With the closure of mental health services just one week away, critics have hit out at the Isle of Wight Council over concerns for patients safety.
Three drop-in centres will close at the end of the month, leaving more than 80 people without a place to go, in a bid to save £145,000.
Suggested in October last year as part of budget proposals, the Riboleau Centre in Ryde, Parklands in Cowes and West Wight Day Services will no longer offer their services from 31 October – neither will a satellite centre in Ventnor.
Plans will still go ahead — despite a petition to save the centres received more than 6,000 and went before the Isle of Wight Council, where it was rejected.
At the time, Cllr Clare Mosdell, cabinet member for adult social care, public health and housing needs, said the services were ‘the delivery model of a bygone era’ and expressed her wishes that people were ‘supported to attend community groups where they can come together simply through their interests and not via illness’.
But one service user, George Brewer, has said he and other users feel ‘lost and desperately betrayed’ by the councils actions.
“There appears to be little in the way of alternative arrangements made for us.
“There are no drop in centres — the council is running nothing at all.
“Everyone at Riboleau looked like they were at a wake the last time I went.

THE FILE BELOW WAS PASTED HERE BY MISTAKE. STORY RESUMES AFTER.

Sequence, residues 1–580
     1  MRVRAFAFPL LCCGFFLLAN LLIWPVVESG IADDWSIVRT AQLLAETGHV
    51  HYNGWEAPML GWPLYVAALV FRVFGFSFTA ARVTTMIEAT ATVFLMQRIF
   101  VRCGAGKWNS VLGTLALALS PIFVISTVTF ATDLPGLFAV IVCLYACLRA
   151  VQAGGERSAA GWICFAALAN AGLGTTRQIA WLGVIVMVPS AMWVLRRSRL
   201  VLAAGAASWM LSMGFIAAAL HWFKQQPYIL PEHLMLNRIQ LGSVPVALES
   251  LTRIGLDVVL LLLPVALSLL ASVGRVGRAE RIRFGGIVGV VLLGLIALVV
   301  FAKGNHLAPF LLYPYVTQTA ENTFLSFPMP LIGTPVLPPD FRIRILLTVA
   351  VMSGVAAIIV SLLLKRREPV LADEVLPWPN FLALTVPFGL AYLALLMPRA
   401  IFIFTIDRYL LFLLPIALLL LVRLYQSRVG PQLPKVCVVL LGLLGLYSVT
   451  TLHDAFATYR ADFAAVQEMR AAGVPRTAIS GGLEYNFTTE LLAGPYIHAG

“Staff and user morale is very low and a number of users, myself included, are lost and feeling desperately betrayed.”
Users had been referred to the NHS funded Isorropia Foundation, in Newport, but people could wait up to seven months for support as the service is fully prescribed.
However, it is not only patients that could lose out — eight members of staff may be made redundant or moved to other areas of the council, without a promise they would be placed in adult social care.
Mark Chiverton, the UNISON representative at the council, said following a meeting last Friday, it wasn’t a surprise the centres were closing but it was a ‘great shock’ to staff.
“The council was going to redeploy staff to other departments in care and there were going to be other mental health provisions.
“That is not happening now. Staff are facing redundancy or other jobs within the council. The future is uncertain for all of them.
“It will leave the needs of a number of people unmet, especially given the lack of mental health provision on the Isle of Wight — staff feel concerned and disappointed.
“There should be a council-led service in the forefront, taking this forward.
“UNISON is doing what we can to help them.”
The council said the mental health day services are being redesigned to make them more accessible and responsive to people’s needs, as laid out in the Mental Health Blueprint, becoming a more ‘community-based outreach model of support’.
A council spokesperson said:
“There has been a comprehensive review with the people using the service to ensure alternative provision, if they wish to take it up, is in place. Their wellbeing remains paramount.
“Maintaining networks, peer support and friendship groups are a fundamental part of the vision for the Mental Health Blueprint.
“This follows the current service provision being viewed as an out-dated model. The new more person-centred approach is in line with integration work being undertaken with the Island’s NHS trust and clinical commissioning group.
“In relation to the excellent staff, consultations in relation to how they may be affected are currently ongoing.”
By Louise Hill, Local Democracy Reporter